Thursday, May 10, 2012

epic search for batteries

Insights into the Massachusetts startup scene, urban density and design of cities, bicycle safety, entrepreneurship and batteries all lurk between two stops on the Red Line.

Boston in the Rain -- As Seen from Cambridge
I'm always excited to attend Mass Innovation Nights wherever it is in a given month. This month we met at Microsoft NERD in Cambridge, known for, among other things, its spectacular views of Boston. Surrounded by photo-ops before I even entered the building, I whipped out my trusty Nikon L110 to capture the scenic clouds and rain over the Boston skyline. One of the features of the L110 that I don't like, is that it gives no visual indication of battery life until it's so low that it's only good for one or two shots. Oops. Thus began what turned out to be an epic quest for AA lithium batteries.

I figured I'd just walk up to the Coop, grab some new batteries, and maybe photograph the Entrepreneur Walk of Fame before heading to #MIN38. The Coop has only alkaline batteries. The Marriott lobby shop has only alkaline batteries. "The 7-11 four blocks away has them," they assure me. OK, it's only 4 blocks, can't be that bad.

Thomas Edison's Star on the Entrepreneur Walk of Fame
Several intersections later, still not at 7-11. What's a block anyway? Cyclists who are not wearing helmets are all over the place, not stopping for walk lights.  So many MIT-educated noggins at risk! Two helmet-less people on bikes pass me on the sidewalk as I trudge on toward 7-11.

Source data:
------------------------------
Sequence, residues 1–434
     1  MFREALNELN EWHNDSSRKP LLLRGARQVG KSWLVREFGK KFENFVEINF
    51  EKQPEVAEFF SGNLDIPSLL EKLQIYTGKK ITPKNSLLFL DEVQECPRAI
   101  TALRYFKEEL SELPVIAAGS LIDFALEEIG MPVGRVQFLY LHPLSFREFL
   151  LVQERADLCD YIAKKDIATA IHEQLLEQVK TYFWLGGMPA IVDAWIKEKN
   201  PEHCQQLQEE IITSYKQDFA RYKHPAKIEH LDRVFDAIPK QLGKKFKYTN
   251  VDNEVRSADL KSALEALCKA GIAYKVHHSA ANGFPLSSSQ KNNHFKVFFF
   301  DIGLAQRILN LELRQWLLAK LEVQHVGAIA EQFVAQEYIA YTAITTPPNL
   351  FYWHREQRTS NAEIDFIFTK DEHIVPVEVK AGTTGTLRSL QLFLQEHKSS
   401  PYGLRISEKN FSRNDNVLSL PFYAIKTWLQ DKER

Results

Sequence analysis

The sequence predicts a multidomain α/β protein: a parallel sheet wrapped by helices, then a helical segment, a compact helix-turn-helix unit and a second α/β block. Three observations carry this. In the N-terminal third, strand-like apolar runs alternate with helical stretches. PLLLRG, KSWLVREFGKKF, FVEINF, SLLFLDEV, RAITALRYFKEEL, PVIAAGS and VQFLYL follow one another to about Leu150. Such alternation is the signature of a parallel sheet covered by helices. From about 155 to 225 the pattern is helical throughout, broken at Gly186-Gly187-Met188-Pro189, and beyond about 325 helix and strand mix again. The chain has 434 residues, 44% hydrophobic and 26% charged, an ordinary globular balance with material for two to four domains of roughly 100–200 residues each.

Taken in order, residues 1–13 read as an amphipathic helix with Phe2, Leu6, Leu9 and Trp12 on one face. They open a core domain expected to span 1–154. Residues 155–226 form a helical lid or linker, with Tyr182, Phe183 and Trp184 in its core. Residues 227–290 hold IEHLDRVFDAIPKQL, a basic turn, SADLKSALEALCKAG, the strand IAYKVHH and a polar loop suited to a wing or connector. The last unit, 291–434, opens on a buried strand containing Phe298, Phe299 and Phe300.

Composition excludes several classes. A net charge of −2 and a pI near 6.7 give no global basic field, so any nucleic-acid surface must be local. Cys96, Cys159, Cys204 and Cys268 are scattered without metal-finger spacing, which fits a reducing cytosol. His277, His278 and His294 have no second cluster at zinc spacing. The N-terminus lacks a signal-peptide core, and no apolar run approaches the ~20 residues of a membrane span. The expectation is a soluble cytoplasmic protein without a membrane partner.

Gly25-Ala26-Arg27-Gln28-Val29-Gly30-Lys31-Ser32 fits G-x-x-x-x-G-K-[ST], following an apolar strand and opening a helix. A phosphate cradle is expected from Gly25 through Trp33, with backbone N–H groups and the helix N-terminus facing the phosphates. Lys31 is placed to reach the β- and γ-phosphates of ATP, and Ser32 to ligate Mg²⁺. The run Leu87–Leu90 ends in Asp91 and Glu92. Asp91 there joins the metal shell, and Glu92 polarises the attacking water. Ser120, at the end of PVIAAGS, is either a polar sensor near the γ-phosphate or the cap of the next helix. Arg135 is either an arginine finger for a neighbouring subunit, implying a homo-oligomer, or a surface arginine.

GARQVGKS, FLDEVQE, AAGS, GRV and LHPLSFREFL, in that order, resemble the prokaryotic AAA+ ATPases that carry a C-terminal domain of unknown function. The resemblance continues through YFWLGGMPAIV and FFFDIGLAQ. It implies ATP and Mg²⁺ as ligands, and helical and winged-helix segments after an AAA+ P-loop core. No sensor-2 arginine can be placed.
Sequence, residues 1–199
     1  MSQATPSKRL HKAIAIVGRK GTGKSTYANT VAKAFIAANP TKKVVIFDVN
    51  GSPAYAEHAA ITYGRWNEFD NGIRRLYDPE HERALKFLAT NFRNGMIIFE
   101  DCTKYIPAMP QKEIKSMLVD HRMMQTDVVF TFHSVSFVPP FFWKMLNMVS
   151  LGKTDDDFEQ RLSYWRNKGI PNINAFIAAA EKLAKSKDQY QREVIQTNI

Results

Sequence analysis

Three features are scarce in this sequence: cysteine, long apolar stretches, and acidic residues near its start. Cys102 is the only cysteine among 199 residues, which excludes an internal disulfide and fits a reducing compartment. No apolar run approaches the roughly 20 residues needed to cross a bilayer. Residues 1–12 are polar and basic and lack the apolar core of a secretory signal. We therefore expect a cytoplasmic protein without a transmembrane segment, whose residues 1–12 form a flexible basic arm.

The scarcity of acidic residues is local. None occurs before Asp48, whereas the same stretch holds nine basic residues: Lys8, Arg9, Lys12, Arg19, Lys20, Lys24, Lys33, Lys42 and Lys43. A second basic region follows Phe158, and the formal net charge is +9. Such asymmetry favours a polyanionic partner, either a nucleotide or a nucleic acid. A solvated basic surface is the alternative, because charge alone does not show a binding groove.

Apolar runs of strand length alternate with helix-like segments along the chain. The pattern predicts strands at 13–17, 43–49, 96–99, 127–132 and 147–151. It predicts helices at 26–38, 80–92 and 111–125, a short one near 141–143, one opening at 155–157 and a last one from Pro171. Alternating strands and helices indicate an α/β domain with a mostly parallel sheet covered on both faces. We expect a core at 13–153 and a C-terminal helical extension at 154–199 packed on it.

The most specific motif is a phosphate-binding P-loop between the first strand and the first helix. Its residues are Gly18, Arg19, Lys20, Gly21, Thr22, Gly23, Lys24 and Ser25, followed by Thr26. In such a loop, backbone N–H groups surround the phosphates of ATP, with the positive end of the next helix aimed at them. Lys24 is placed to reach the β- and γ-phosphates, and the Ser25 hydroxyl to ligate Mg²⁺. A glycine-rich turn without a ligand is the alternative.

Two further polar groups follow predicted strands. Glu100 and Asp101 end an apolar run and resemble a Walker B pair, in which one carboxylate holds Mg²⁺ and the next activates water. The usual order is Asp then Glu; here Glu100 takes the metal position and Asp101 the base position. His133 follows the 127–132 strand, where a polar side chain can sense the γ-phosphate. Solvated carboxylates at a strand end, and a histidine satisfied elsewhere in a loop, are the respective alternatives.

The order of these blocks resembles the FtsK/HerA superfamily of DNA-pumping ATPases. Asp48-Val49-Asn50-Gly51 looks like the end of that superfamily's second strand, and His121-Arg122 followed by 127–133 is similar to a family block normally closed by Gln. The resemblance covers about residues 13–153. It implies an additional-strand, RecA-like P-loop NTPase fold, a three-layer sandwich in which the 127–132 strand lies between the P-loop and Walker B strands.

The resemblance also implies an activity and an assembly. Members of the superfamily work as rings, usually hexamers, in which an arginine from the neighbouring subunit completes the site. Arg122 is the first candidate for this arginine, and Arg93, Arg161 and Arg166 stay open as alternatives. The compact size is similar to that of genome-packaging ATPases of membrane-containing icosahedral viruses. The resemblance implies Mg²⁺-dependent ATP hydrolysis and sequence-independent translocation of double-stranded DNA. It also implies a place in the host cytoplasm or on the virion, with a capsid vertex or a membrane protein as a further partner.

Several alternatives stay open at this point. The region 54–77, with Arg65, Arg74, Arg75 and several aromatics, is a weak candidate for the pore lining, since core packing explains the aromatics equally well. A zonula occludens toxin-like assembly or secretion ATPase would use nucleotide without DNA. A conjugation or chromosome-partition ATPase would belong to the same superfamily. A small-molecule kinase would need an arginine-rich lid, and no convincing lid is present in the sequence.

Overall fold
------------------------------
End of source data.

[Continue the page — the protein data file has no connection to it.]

Steve Jobs' Star
7-11 has only alkaline batteries. They suggest CVS, 4 blocks away. Someone else there suggests Micro Center "if you're really in need." Micro Center? All I need is 4 AA lithium batteries, not a PC. Several intersections later and well past the giant hole of the future of biotech, I am still nowhere near CVS, but am in Central Square.

Economy Hardware is open again. Surely a hardware store has lithium batteries. Nope. Alkaline batteries only. Economy sends me to Radio Shack, which, oddly enough, is not 4 blocks away. Radio Shack seems to have batteries, but they're behind the counter and a customer ahead of me is buying a new phone and signing up for a new plan. Much personal data is being exchanged. I wait.
Bill Gates' Star

Waiting gives me time to contemplate Central Square vs. Kendall Square. Kendall Square has taller buildings. Central Square has more restaurants, shops, and street life. There aren't really any visual cues to tell you that Kendall Square supposedly "hosts nearly five times more startups per square mile than any other place on the planet." Both areas seem to offer plenty of burritos and coffee, both things that Silicon Valley entrepreneurs claim are missing in the Boston startup scene. Cambridge isn't Boston, I know, but from Silicon Valley you can't see the Charles River. Anyway, right now, my startup scene would be well-served by more availability of AA lithium batteries.

At last, the Radio Shack guy gets a break from the complicated phone purchase while the phone customer makes decisions.  Yes! We have lithium batteries! O frabjous day!

On the walk back, the same two helmet-less sidewalk cyclists pass me, then circle around and pass me again. They circle pedestrians for some time without colliding with any of us. A group of teenage girls line up on the steam vent in the sidewalk and do some kind of line dance as they revel in the steam. I stop to photograph a few of the stars on the walk of fame and ponder how on earth MIT could honor tech entrepreneurs and not include Ken Olsen, without whom neither Steve Jobs nor Bill Gates would have been able to earn that honor. A rabbit emerges from a flower bed onto the sidewalk.

I think the Red Line is under there somewhere.
Just as I arrive at NERD, an MBTA bus pulls over and the driver asks me for directions. Yeah, I know this place. I have known it for a very long time.
Me on Memorial Drive a Way Wicked Long Time Ago in a Tech Scene Far Away

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